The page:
Monday, February 06, 2012

Bronson, Missouri

I plum forgot! My friend and I, we watched the original Mechanic a while ago, and seeing as how I relish the opportunity to trash a bad movie, I'm surprised that I skipped this one. It fell below the radar, a little like the two main characters strive to do in this movie.
Well, you gotta hand it to Charles Bronson. You'll see things in a Bronson movie you won't see anywhere else. In Death Wish, you'll see a girl's bare bottom get spraypainted. In The Evil That Men Do, some of you might get your jollies watching the opening sequence, where a very learned man teaches an audience how to torture someone to death when they're strapped down in a swing. In one of the later Death Wish movies, you'll see Bronson re-enact a scene from Throw Momma From The Train where Billy Crystal dreams that he's strangling himself. And in The Mechanic, we will sit around and wait after a girl has slit her wrists with a razor blade, to see if Bronson's estimate is correct that it will take her about 2.5 to 3 hours to die. Personally, I think it's less, but I won't question that too much, as I don't care to find out in a rigorous, scientific fashion.
The opening episode is okay enough. Bronson has to whack a dude, and does it in a rather creative way, and it looks like they used actual buildings instead of models and miniatures when a large explosion occurs. In a slight break from formula, we get another episode in which he has to kill another dude whom he knows personally, and leave his troubled son without a father. Keenan Wynn plays the dude that Bronson has to whack, pretty much reprising his role from... SPOILER ALERT... Point Blank.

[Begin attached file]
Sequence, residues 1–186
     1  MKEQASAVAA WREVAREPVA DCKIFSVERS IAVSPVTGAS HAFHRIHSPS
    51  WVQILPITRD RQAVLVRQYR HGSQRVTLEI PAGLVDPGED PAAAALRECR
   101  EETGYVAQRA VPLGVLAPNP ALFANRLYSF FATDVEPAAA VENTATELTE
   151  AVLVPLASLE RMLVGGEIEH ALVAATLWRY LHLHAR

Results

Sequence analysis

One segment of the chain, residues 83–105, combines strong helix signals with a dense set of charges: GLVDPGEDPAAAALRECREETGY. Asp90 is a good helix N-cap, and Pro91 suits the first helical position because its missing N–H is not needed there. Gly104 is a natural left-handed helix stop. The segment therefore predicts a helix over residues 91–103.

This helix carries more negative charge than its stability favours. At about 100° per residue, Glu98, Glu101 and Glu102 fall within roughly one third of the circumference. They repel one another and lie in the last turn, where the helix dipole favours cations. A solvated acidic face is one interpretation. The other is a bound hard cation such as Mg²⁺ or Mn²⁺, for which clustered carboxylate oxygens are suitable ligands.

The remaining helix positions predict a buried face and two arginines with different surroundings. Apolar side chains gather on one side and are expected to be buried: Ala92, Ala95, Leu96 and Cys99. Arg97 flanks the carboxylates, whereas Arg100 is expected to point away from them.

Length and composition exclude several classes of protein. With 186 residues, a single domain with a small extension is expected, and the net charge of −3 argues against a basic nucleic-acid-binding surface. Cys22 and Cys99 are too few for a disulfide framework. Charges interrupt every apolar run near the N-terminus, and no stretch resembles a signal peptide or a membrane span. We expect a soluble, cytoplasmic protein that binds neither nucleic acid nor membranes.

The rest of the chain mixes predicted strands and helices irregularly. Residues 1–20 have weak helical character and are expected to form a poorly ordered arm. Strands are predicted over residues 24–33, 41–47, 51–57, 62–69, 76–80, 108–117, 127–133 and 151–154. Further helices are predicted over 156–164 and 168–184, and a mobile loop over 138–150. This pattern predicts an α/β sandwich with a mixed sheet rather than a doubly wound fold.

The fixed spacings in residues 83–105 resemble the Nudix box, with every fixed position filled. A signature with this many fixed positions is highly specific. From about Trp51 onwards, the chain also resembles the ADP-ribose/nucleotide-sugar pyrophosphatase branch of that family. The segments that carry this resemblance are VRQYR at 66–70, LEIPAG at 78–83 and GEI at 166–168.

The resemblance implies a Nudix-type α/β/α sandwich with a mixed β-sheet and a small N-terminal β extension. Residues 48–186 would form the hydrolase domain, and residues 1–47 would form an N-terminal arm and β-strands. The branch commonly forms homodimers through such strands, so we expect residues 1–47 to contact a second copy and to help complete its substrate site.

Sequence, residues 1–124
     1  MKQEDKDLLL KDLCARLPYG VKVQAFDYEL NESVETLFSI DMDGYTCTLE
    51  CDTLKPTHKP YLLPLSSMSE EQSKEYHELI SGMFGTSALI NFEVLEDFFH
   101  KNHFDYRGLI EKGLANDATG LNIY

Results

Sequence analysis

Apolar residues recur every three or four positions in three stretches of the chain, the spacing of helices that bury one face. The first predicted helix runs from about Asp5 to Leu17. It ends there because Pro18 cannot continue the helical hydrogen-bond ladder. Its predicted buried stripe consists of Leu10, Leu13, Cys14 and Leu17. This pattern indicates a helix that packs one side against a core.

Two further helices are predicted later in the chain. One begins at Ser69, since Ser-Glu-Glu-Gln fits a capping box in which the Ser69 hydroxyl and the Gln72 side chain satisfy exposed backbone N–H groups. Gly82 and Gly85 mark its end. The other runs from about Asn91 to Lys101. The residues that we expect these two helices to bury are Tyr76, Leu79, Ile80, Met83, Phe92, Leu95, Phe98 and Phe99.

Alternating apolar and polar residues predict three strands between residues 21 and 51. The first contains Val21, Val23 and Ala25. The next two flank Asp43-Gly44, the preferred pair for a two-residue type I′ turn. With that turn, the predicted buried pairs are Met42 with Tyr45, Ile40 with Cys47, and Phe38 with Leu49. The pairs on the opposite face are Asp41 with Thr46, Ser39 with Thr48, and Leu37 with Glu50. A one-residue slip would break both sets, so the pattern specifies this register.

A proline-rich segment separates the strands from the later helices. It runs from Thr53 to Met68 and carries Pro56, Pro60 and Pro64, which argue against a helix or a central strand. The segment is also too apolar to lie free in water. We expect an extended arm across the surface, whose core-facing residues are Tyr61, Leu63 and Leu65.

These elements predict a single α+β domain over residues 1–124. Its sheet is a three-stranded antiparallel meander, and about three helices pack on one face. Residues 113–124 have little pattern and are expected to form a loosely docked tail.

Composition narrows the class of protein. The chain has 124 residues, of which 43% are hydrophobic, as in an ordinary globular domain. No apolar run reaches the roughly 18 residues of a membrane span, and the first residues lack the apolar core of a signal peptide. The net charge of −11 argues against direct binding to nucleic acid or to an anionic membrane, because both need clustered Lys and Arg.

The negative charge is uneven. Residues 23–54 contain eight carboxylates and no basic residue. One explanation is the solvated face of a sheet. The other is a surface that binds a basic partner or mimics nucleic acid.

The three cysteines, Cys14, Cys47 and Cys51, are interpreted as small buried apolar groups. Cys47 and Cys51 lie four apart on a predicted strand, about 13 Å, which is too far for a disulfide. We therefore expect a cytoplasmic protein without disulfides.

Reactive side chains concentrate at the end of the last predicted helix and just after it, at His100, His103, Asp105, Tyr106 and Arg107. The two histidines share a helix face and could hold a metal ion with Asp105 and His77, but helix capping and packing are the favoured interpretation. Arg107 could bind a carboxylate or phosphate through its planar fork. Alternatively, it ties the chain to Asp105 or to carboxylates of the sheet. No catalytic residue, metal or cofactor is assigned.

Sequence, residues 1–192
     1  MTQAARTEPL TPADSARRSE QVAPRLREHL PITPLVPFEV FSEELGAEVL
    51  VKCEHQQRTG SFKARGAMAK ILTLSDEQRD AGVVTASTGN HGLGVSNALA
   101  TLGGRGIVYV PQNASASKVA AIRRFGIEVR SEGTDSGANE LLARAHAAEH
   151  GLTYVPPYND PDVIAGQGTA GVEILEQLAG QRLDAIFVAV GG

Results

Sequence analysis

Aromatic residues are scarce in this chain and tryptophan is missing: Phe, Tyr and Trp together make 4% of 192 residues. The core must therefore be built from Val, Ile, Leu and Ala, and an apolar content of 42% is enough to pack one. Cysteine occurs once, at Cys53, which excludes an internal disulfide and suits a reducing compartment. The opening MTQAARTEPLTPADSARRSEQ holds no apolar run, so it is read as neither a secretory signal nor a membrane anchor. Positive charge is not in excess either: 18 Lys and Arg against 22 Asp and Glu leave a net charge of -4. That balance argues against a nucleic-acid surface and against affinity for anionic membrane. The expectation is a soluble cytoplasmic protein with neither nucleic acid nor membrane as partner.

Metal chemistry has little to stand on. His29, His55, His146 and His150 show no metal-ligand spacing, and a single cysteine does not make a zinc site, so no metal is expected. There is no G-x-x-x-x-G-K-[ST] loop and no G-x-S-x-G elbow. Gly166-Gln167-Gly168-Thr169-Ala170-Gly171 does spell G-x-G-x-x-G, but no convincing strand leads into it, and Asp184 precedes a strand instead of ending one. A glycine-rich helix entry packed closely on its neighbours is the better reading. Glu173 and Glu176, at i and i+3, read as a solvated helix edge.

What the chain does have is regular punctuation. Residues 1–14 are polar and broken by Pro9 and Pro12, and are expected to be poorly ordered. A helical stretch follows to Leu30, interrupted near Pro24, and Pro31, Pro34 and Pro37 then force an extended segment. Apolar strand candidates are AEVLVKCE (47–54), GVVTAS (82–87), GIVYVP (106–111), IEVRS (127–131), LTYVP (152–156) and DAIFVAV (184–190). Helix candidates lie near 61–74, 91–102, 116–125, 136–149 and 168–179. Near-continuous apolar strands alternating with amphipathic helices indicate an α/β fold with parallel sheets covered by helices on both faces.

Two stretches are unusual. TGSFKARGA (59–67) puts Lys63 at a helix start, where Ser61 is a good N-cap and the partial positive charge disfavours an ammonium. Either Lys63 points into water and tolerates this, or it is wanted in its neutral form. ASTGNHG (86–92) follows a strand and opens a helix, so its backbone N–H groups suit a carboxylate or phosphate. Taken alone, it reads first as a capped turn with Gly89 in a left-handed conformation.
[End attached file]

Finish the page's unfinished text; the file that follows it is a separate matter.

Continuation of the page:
From there, Bronson and eternally handsome man boy Jan-Michael Vincent, form an uneasy alliance. For some reason, I still get Jan-Michael Vincent and Philip Michael Thomas confused. I think the reason is either 1) I don't care that much about either man, or 2) am a racist. Maybe both! Anyway, it was at about this point where the film began to fall apart for my friend, so I might as well wrap this review up. I hate to do it, but you gotta hand it to today's Hollywood screenwriters: they know what parts to leave out when they're remaking a movie these days. Of course, the original Mechanic is also a bit of a cultural time capsule. We're no longer at war with the hippie counterculture, as this film clearly was. Also, this film pushes its 'PG' rating about as far as it will go, especially with all the nudity in the paintings that are shown. Why, I wouldn't let any kid of mine NEAR this filth!

-so sayeth The Movie Hooligan

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